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Not only is the U.S. international pleased with the level of competition south of the border, he also enjoys living in Mexico after joining Puebla last year.

MEXICO CITY - After nearly a year in Mexico, American international DaMarcus Beasley is singing the praises of the level of play in the Liga MX, and encouraging fellow Americans to try out the game south of the border.
 
The veteran winger came to Puebla on a free pass after seeing his club playing time in Europe decrease by the season, and has reinvigorated his career in Mexican highlands.
 
“At first I didn’t know too much about playing in Mexico,” Beasley admitted in a Goal.com exclusive before last week’s friendly at El Azteca, “only about playing in Mexico against Mexico. But the decision, it was an easy one. I went to Pachuca and trained there for a week, so I got a feel of the style of play and the country a little bit. Then Puebla called and I decided to go there.”
 
After three seasons at Rangers and one at Hannover in the German Bundesliga, during which he rarely saw the field, Beasley has been a hit for Puebla, becoming a regular starter and scoring seven goals in just over a year of action.
 
But Beasley says that the soccer is not the only good fit for him at Puebla. He is happy living in Mexico, and plans on sticking around.
 
“I enjoy it,” he said. “I like living here. I think my career has started to get back on track for myself. And I could see myself in Mexico for a long time.”
 
One factor that probably benefits the long-time American international and three-time World Cup veteran is his treatment of the somewhat infamous Mexican media. Even while his level of Spanish continues to improve, Beasley says he doesn’t pay much heed to the things that might come out in the press.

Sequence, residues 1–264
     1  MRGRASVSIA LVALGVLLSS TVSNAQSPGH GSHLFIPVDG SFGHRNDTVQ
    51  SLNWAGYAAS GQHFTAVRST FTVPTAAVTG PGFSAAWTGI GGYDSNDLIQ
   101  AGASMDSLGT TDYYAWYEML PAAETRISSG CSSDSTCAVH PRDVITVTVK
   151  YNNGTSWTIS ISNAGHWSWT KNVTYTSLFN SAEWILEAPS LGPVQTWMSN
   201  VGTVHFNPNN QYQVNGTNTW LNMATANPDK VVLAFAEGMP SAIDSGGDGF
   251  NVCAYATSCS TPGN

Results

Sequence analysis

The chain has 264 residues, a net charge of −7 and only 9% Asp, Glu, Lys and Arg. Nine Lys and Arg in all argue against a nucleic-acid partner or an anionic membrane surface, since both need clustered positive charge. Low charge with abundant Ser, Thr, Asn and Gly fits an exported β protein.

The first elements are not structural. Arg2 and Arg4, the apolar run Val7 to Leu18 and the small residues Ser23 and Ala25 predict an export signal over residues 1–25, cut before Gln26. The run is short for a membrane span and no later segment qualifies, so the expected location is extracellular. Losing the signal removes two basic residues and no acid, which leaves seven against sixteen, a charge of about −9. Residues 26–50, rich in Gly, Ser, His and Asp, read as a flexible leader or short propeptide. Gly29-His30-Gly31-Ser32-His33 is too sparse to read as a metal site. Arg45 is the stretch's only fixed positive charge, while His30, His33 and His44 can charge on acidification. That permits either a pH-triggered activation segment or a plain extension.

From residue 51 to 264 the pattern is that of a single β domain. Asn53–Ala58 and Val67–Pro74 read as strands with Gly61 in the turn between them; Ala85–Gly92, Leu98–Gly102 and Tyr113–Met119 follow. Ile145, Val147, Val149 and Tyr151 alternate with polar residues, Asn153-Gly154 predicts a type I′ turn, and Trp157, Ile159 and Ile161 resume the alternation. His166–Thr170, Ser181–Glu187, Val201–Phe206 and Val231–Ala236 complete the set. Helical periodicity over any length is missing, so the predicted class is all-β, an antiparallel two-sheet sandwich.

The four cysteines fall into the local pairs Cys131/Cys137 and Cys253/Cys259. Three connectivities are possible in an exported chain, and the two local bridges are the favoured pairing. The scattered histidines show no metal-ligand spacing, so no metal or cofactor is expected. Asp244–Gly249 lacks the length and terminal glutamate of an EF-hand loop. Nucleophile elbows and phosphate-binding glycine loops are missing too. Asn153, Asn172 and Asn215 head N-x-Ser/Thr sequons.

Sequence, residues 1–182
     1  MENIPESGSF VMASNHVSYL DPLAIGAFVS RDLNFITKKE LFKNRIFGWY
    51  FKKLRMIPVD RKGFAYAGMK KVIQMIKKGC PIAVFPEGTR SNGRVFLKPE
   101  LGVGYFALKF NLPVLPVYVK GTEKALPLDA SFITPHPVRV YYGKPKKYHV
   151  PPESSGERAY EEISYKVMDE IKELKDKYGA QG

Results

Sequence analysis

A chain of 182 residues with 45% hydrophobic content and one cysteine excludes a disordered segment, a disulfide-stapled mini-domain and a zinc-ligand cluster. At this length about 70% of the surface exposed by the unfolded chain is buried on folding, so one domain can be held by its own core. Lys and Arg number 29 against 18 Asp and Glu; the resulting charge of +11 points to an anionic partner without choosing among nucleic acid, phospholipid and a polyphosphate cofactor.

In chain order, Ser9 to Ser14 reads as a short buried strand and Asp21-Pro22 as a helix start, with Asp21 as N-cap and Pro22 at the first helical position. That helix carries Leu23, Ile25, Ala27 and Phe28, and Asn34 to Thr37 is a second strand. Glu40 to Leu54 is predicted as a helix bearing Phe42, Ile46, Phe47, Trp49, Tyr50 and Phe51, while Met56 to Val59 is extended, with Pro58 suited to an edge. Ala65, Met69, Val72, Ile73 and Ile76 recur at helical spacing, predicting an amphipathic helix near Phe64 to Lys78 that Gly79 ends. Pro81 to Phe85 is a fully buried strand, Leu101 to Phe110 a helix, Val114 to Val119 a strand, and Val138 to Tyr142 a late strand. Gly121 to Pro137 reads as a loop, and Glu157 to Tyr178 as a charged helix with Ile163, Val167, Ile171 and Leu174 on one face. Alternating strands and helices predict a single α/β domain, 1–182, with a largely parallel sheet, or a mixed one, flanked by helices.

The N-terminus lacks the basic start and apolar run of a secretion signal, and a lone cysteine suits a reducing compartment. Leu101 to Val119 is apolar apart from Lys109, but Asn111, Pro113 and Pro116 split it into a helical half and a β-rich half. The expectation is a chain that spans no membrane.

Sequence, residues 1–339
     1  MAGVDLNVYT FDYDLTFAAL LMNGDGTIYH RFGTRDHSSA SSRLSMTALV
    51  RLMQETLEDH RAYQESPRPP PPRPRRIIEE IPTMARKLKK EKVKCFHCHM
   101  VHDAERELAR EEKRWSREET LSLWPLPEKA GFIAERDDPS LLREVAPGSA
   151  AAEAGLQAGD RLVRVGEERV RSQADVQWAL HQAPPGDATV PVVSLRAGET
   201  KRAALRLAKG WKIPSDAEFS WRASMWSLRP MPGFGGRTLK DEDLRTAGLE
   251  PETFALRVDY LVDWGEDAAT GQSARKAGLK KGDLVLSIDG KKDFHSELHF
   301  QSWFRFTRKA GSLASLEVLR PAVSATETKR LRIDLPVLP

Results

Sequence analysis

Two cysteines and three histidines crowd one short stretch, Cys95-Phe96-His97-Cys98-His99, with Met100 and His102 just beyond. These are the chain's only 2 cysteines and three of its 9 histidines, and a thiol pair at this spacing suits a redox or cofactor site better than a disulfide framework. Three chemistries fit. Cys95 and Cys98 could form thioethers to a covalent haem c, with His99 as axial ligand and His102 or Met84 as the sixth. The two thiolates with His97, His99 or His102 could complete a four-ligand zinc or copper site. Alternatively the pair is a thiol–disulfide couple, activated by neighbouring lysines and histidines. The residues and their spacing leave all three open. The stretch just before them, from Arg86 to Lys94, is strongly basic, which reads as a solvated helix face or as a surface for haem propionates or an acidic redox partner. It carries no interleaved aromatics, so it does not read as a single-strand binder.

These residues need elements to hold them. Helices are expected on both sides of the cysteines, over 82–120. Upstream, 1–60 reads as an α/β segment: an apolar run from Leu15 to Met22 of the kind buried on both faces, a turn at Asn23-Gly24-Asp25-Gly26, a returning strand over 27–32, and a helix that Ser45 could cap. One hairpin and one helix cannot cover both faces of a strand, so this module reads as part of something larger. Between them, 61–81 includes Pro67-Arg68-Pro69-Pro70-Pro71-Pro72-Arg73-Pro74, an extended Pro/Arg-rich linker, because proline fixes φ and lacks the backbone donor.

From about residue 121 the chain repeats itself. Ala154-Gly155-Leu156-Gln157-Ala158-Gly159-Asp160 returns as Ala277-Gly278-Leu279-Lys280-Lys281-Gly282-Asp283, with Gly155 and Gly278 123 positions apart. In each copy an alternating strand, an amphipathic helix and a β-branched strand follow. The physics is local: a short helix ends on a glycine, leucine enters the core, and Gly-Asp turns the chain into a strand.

“I don’t really read any of the comments or listen to what’s being said,” Beasley said. “But as far as I know everything’s fine. I don’t feel like the media or anyone treats me any different [than other foreign players].”
 
Another side to Beasley’s laid-back stance is taking the high road vis a vis the constantly evolving situation at his club. Puebla has been through some hard times over the past year, including troubles with tax authorities that saw its stadium closed down for a spell, and rumored problems paying players on time.
 
None of that seems to have fazed Beasley, who stuck around in Puebla this summer despite rumors he would be headed elsewhere during the draft. If the American has one complaint about Mexican soccer, though, it’s the constant merry-go-round of player movement over which the players themselves have little control.
 
“That’s the difficult part that I didn’t know about when I came down here,” he said. “You’ve got a draft and people move constantly. You look at people’s resumes and they’ve played for almost every team. It’s not that they’re a bad player. It’s just that that’s how the system works.”
 
In fact, Beasley cites the constant movement at Puebla as the main obstacle to success for a club that has started out the 2012 Apertura by losing four of five, and made a change at manager this week.

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“It makes it a little difficult,” Beasley said of all the flux. “Last year we had a good team, and then everybody left. This year we have a young team, but it’s difficult to get rhythm with some players and then the next year they go, you got a whole different team. I know some teams are different, but with Puebla my first season I was one of the twelve players that were new, and this year we have another twelve new players. It’s difficult to do that, but it’s just how the system works.”
 
Puebla is even staring at an uncomfortable situation in the relegation battle for the 2012-13 campaign. Third to bottom of the percentage table, La Franja would be in even bigger trouble were it not for the struggles of Atlas and Queretaro.
 
That’s why Beasley would like to see a little consistency at his club, as he plans his long term future at Puebla: “You look at a team like Leon that’s doing well this year, and they’ve been playing together for two or three years. It depends on the owner and how he sees the team. Just in my case, we’ve traded 24 players in two years.”

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